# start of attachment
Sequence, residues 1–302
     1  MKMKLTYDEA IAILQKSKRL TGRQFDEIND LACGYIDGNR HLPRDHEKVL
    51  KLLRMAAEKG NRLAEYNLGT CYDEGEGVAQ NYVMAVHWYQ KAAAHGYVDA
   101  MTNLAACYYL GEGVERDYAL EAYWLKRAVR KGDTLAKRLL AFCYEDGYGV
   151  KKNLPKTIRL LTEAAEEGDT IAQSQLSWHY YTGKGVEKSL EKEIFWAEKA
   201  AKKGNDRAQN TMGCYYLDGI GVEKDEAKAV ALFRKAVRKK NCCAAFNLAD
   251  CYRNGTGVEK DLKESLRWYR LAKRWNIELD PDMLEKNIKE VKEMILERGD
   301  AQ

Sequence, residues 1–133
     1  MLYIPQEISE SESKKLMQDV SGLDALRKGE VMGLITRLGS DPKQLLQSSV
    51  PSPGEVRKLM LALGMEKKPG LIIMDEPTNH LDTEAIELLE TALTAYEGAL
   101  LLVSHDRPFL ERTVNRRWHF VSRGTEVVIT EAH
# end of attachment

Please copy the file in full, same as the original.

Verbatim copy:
Sequence, residues 1–302
     1  MKMKLTYDEA IAILQKSKRL TGRQFDEIND LACGYIDGNR HLPRDHEKVL
    51  KLLRMAAEKG NRLAEYNLGT CYDEGEGVAQ NYVMAVHWYQ KAAAHGYVDA
   101  MTNLAACYYL GEGVERDYAL EAYWLKRAVR KGDTLAKRLL AFCYEDGYGV
   151  KKNLPKTIRL LTEAAEEGDT IAQSQLSWHY YTGKGVEKSL EKEIFWAEKA
   201  AKKGNDRAQN TMGCYYLDGI GVEKDEAKAV ALFRKAVRKK NCCAAFNLAD
   251  CYRNGTGVEK DLKESLRWYR LAKRWNIELD PDMLEKNIKE VKEMILERGD
   301  AQ

Sequence, residues 1–133
     1  MLYIPQEISE SESKKLMQDV SGLDALRKGE VMGLITRLGS DPKQLLQSSV
    51  PSPGEVRKLM LALGMEKKPG LIIMDEPTNH LDTEAIELLE TALTAYEGAL
   101  LLVSHDRPFL ERTVNRRWHF VSRGTEVVIT EAH